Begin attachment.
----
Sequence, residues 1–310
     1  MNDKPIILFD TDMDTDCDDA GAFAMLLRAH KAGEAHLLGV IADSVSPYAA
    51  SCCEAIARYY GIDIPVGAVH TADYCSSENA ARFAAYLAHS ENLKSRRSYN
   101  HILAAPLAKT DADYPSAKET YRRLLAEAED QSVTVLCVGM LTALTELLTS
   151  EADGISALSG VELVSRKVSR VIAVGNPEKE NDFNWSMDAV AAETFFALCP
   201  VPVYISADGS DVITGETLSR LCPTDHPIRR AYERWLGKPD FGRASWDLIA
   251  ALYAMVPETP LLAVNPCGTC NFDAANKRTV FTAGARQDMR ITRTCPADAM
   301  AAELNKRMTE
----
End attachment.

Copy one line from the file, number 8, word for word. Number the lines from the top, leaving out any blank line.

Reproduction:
   301  AAELNKRMTE